To dismiss or insult the latest No More campaign because it depicts people in a highly emotional state that you question the authenticity of is not the same as saying the spots show harmful imagery or create a false narrative. I also think that some people are so disgusted with the overall situation that they can only joke or react with anger, and beyond that, some people are just terribly uncomfortable looking at quiet, uninterrupted video of someone crying or trying very hard not to.
Which is a huge part of the point here. The whole goddamned issue is uncomfortable, but we’re gonna push through. We’re gonna ask the uncomfortable questions and have the uncomfortable conversations and maybe, just possibly, make a change.
Just FYI, I have no affiliation with No More, and I didn’t even contact them for a more specific quote or anything. I’m writing this because as much as people are free to hate this campaign, I personally think it’s great and if I had a position in sports broadcasting, I wouldn’t use my platform to insult it without bringing receipts, which is what I have seen. You may hate the commercials, but remind your audience that they could also save a life, so maybe save your snark for when you’re off the air or offline.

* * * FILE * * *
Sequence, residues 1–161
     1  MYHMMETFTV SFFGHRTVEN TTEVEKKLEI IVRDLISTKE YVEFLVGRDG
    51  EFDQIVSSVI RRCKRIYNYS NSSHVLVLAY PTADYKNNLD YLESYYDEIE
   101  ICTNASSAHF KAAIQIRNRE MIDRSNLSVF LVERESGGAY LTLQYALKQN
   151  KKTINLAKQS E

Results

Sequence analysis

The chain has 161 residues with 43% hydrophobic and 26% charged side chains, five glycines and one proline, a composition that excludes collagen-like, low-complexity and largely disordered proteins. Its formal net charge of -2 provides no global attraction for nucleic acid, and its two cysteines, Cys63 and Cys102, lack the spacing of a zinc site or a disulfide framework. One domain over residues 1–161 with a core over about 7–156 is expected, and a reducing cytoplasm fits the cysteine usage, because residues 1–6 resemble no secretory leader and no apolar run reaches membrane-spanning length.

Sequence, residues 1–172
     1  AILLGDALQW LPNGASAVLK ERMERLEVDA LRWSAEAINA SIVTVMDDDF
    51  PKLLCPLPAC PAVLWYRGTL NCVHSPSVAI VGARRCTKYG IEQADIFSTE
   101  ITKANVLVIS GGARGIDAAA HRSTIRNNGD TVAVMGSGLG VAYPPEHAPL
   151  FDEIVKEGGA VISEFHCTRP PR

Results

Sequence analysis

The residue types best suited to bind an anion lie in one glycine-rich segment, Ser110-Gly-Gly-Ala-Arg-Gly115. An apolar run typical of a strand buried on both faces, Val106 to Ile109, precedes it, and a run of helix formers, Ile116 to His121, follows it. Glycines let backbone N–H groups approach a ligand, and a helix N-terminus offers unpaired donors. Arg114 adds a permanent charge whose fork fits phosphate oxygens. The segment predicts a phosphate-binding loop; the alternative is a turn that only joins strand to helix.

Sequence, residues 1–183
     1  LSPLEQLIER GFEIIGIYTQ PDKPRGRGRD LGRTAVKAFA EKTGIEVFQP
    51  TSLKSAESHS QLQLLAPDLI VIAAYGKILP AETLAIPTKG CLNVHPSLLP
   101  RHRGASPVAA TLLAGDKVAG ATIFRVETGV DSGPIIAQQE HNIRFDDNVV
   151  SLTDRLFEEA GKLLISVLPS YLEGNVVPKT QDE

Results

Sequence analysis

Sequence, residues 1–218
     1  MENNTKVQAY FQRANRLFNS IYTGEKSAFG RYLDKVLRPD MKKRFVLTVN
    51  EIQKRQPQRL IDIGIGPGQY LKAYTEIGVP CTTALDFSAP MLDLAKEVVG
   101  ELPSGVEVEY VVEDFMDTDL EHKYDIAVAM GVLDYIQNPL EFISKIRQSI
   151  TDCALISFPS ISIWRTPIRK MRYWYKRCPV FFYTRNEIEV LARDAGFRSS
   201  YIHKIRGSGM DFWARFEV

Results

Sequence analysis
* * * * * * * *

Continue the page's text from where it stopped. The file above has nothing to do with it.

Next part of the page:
If a video is to be played ad nauseam, I prefer the No More spots to the continued public exhibition of Janay Rice’s pain. That is NOT me saying anyone should have remained mum on the issue or that “it’s their problem” or any such thing.
Sadly, many people still need to learn that crimes that take place in the privacy of one’s home and are perpetrated upon a loved one by a [supposed] loved one are still crimes. This is one of the goals of No More, and as they combat sensationalist gawping and victim-blaming and promote awareness, I’ll be cheering them on.